A new study released by Vermont Legal Aid finds that there is housing discrimination going on in Vermont. And as VPR’s Jane Lindholm reports, it’s widespread.
(Lindholm) The study found that African Americans, foreign-born people – or people who sound foreign-born, people with children, and people with disabilities face significant discrimination when they try to rent an apartment.
Rachel Batterson is project manager for Vermont Legal Aid’s Housing Discrimination Law Project, which conducted testing mostly in Chittenden County over the past two years.
(Batterson) "Landlords preferred white testers of U.S. origin 38 percent of the time when the test was on race/color, 40 percent of the time when the test was based on national origin, and that 36 percent of the landlords preferred families without children."
(Lindholm) The study also found varying degrees of violations of the fair housing act for accessibility for people with disabilities in more than 80 percent of rental units surveyed.
The federal Housing and Urban Development Agency subsidized Legal Aid to conduct 90 site visits of open rental units as well as 300 phone tests. Batterson says testers were screened to resemble one another except for the one variable they were trying to test discrimination for – race, or national origin for example.
(Batterson) "We look for behaviors mostly. It can be things like shaking hands or not shaking hands. Giving an application form or not giving an application form. Describing the positive aspects of an apartment or describing the negative ones. And some of those are more concrete and some of them are less."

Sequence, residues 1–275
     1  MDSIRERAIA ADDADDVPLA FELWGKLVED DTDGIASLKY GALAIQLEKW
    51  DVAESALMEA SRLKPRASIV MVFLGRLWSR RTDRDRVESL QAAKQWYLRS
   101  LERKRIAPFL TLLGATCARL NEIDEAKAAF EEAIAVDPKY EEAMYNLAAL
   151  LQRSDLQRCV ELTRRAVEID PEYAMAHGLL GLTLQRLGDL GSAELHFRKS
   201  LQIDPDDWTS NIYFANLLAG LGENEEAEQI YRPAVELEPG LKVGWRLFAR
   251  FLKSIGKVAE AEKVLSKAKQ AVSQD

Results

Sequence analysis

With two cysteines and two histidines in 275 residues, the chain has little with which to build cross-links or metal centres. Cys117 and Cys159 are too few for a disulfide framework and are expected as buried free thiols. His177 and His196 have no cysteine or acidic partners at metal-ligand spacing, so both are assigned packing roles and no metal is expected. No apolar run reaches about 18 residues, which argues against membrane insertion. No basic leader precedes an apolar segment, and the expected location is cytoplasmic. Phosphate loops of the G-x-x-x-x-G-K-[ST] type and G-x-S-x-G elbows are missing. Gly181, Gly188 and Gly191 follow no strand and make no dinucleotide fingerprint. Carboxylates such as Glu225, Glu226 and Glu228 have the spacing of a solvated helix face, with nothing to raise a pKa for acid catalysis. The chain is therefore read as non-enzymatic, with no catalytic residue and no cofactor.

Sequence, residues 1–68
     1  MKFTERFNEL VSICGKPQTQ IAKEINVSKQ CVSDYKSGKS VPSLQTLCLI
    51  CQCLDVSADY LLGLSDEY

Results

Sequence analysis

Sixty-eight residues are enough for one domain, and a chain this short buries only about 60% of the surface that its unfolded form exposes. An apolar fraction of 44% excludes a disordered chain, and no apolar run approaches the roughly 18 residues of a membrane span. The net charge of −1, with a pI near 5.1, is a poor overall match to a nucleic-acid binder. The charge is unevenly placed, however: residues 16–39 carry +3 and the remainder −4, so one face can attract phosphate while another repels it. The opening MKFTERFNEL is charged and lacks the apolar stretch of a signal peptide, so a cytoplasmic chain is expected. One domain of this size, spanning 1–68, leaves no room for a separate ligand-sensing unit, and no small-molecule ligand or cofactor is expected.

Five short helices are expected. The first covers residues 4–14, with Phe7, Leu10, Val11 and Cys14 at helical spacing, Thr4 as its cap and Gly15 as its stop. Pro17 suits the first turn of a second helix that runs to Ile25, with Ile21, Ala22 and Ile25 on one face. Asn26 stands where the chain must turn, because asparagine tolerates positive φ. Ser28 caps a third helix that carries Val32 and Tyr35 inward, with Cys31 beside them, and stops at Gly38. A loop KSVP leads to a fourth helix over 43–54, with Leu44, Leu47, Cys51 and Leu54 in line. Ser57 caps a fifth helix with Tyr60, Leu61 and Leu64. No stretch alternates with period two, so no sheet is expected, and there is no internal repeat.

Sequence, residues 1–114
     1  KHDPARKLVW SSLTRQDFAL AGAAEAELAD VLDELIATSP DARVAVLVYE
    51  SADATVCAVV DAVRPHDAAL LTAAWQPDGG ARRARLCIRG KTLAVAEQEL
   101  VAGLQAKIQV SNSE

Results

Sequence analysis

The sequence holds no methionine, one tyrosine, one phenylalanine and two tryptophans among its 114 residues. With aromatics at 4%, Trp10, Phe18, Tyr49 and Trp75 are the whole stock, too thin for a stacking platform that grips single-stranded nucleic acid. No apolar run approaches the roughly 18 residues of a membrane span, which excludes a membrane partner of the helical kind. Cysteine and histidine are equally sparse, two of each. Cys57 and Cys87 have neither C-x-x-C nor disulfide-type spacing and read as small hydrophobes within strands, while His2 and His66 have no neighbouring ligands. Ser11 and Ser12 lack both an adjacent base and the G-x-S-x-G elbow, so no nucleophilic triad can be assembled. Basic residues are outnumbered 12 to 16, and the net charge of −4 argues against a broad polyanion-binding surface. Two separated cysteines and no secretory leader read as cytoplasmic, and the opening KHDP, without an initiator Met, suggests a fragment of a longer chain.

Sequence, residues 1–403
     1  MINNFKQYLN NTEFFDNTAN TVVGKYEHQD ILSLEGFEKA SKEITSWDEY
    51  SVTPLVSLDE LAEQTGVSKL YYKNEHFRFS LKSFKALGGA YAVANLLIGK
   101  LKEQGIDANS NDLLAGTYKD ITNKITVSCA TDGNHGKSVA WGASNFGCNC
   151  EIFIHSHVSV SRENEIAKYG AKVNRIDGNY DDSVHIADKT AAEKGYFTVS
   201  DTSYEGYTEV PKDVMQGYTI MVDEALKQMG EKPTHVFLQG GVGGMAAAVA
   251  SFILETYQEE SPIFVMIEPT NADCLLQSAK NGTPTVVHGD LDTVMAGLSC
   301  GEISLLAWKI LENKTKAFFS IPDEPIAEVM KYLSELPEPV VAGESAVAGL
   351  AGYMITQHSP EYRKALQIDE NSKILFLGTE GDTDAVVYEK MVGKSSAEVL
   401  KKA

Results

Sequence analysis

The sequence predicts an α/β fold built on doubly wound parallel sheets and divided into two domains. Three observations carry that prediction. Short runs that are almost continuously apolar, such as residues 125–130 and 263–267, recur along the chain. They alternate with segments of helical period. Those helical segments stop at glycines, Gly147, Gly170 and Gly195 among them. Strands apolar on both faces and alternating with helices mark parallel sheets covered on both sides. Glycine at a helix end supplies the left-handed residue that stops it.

(Lindholm) The report then divides the results into three categories: "No apparent discrimination," "discrimination," or "control tester favored," where discrimination was strongly suggested but not definitive.
For example, if the landlord called the white tester back several times but only followed up once with the non-white test subject.
Under the Federal Fair Housing Act it is illegal to discriminate on the basis of race, color, religion, national origin, sex, disability or family status. And in Vermont it is against the law to discriminate based on marital status, age, gender identity, sexual orientation, and receipt of public assistance.
Vermont Legal Aid’s Batterson says the study could provide evidence in legal cases moving forward, but more than that she hopes the results will open Vermonters’ eyes to the levels of discrimination going on and encourage Vermonters to think more openly about our prejudices.
For VPR News, I’m Jane Lindholm.